By Captain

July 2010

As the 75 highly trained riders still standing for stage 14 (Revel to Ax 3 Domaines) of the 2010 Tour de France clipped in and headed into the Pyrenees, they launched themselves not only toward the day’s destiny but also – whether they knew it or not –  into a shared experience with the Patio Boys.

For it was this same day, July 19, 2010, that the Boys (plus one Girl) rode the Tour de Patio Boys, stage 1, Loveland to Yellow Springs.  It would be 52 grueling miles, interrupted only by long, lounging moments in Morrow, Corwin and Xenia, with ice cream, hot dogs and sodas at one point and frequent stops for Blackberry email/texting checks.

To the casual observer of elite sports, there may seem little in common with what transpired on in France along the fabled countryside, through regions of wine and history, and on that same day in southern Ohio, through regions of corn and more corn.  But there were in fact enumerable similarities that are indisputable.  Here is just a sample:

  • There as here, the riders were on bicycles, and some riders wore spandex.
  • There as here, a remarkably steep climb was involved.  In France, the riders had an easy and undulating course from Revel to Port de Pailhères, at which point they rose sharply up a peak of the Pyrenees, which, when charted for altitude gain, looks like a chart of Silver Pop’s blood pressure when someone sneaks up behind him and says, “Obama!”  Did Team Patio Boys experience a similar ascent?  Yes, although ours was pre-race when we went to Mount Adams in Cincinnati to the City View on Friday night for cheeseburgers and beers.  The climb (accomplished in motorized vehicles that strained through every wretched inch of altitude gain) was, admittedly, shorter than the Pyrenees counterpart but similar in steepiness (pardon the jargon, but “steepiness,” I believe, is a technical term in cycling; either that or it is a word President Bush used when he biked and approved the Texas Hill Country on his secret visits to the LBJ Library).
  • There as here, riders consumed “water and energy bars”, which is the exact phrase used on the audio commentary by the Tour de France website lady.  Without this minimalist, monkish nourishment, neither cohort of riders or either continent, ours or theirs, could have survived. Gruel for the grueling.  Fuel for the firedrakes.  Were it only one substance (water but no energy bars, for example), you might say coincidence.  But since it was both, clearly this is synergistic and meaningful, signifying an intercontinental  bond between the two events and their riders.
  • There as here, the ride was – to quote the website lady again – “very technical.”  In the case of the Patio Boys, hours were spent on Saturday preparing 30 year old bikes for the Sunday ride. Chains were oiled. Mold was cleaned from the vintage leather seats.  Leaking inner tubes were repaired or replaced.  Dry-rotted tires were filled to 120 psi because what kind of cyclist freaks out over a little dry rot?  WD-40 was sprayed, just as it is by fighter jet mechanics.  No duct tape was used, thus proving this was high-tech work not slap-it-together, last minute fixes.
  • There as here, logistics were attended to.  The Tour de France people can tell their own story on their own website.  As for the Patio Boys, two vehicles had to be driven to Yellow Springs and securely placed in the town police station parking lot.  The duty officer  in Yellow Springs, summoning himself  to high alert, agreed to guard the vehicles until Sunday afternoon.  This is how he stated that: “Sure, you can leave them there.  They should be OK.”
  • There as here, fans flocked to the towns along the route.  The magnetic draw of the Tour de France is evident year after year, and warrants no elaboration in this account.  But readers may not realize the anticipation among racing fans brought on by the Patio Boys first Tour.  In Yellow Springs on Saturday afternoon when the advance team arrived around 2 :45 p.m., the streets were teaming with tourists, who apparently had come just to witness the ceremonial Placing of the Vehicles. Large women in bursting shorts waddled along the main streets to watch.  Children and babies pretended not to notice but were clearly in awe. Some couldn’t help themselves. They squealed with joy.  The parking lot of the Seven Eleven was packed.  And down at Young’s Dairy Ice Cream stand, one of Yellow Springs’ most established establishments, a line of 125 people spilled outside, as fans opted to get their cones on Saturday so they’d be free to witness history on Sunday.  The air was electric with excitement.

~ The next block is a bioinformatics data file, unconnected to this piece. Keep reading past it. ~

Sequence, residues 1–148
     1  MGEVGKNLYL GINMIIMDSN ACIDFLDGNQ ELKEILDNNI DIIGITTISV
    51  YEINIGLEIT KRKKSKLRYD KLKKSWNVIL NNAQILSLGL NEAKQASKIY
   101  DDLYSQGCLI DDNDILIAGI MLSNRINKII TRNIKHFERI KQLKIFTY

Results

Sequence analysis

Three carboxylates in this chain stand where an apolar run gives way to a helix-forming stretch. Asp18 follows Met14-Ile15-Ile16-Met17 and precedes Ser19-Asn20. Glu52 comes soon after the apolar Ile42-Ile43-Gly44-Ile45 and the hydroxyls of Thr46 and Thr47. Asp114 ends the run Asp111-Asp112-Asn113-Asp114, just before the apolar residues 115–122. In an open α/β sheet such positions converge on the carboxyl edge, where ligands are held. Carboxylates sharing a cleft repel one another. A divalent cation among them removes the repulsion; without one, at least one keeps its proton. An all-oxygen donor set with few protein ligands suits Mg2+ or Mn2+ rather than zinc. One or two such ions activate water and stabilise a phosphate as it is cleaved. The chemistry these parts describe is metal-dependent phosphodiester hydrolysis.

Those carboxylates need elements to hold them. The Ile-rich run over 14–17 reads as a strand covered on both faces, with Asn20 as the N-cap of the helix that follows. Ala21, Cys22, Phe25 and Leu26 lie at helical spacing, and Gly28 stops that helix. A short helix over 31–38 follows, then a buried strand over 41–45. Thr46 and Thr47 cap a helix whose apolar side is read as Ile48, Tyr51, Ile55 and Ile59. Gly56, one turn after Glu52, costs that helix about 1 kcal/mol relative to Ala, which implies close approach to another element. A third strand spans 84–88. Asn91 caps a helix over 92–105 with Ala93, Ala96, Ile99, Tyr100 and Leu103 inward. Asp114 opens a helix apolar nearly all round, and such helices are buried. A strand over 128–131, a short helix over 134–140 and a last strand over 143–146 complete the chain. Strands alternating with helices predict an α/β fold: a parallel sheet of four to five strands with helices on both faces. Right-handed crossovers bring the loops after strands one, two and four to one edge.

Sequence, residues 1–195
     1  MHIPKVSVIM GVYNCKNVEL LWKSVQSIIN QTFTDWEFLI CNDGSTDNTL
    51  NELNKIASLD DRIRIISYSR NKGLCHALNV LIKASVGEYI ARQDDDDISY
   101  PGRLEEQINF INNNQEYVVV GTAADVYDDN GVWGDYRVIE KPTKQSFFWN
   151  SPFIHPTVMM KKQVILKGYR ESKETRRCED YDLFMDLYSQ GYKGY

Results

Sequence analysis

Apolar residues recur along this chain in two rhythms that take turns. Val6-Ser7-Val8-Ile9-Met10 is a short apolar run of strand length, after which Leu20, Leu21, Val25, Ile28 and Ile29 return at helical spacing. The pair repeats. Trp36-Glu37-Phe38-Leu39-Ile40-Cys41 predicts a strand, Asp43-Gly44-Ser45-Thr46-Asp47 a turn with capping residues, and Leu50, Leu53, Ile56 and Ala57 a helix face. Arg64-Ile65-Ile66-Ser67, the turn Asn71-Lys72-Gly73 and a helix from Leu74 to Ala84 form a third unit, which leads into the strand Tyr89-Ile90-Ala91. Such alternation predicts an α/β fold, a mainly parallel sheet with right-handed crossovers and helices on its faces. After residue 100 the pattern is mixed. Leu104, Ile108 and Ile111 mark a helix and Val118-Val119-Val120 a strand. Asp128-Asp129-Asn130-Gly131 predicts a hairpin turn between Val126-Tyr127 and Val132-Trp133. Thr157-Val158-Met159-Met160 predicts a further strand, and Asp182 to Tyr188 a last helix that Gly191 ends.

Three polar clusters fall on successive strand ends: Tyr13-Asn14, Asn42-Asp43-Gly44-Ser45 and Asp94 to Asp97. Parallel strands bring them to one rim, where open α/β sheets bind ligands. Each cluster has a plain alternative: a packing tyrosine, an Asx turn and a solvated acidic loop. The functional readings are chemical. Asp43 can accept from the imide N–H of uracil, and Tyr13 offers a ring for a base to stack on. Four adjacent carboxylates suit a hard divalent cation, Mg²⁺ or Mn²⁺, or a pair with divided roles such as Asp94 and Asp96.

• There as here, once the day’s stage began on Sunday, the riders were competitive, jockeying for position, racing forward and falling back, as lungs and legs alternately found bursts of energy followed by the torment of being pushed too hard by these elite,  powerful athletes.
  • There as here, some doping occurred.  We all know this goes on in France.  It’s been confirmed year in and year out.  But eyewitness accounts from the PB Tour suggest use of unrestrained use of ibuprofen and spotty use of something called “electrolyte tablets” in spiked water bottles. And at the end of the race, another substance, “IPA," also was in wide use.
  • There as here, French influences things. That's obvious for something called the Tour de France; as for our Tour, we talked a lot about a Patio Boy who wussed out, Frenchie, with some lame excuse about a lame Achilles tendon.
  • There as here, Lance Armstrong did not win.

Now, about the race.

This trip may be remembered above all else for how well it worked out.  No one got “misplaced” (our new word for the totally inadequate, inaccurate and previously common “lost”).  Also, in terms of this trip’s amazing perfection, no one got hurt.  No one, that is, except Mrs. Mooch, who took a spill after Mooch bumped her. She wasn’t hurt badly.  She got back up and zipped out of there, her minor scratches providing an adrenaline rush.  No bones were broken.  Or marriages.  It’s all good.  And, significantly, no one went to Campsite 22 (see previous accounts to understand why this is of the utmost importance).

Those are the big themes for the PB Tour.  Here is the basic account:

We left Fort Mitchell Station on Sunday morning very close to the appointed time of 7:30 a.m., and arrived in Loveland at the bike trail about 40 minutes later – all 10 of us on 10 very different bikes, including two pretty nice road bikes, three pretty nice hybrids and one decent hybrid, two pretty nice vintage 10-speeds one of which came via eBay, and a couple of other things with two wheels. We experienced one flat in the parking lot, and repaired that in transit to the trail.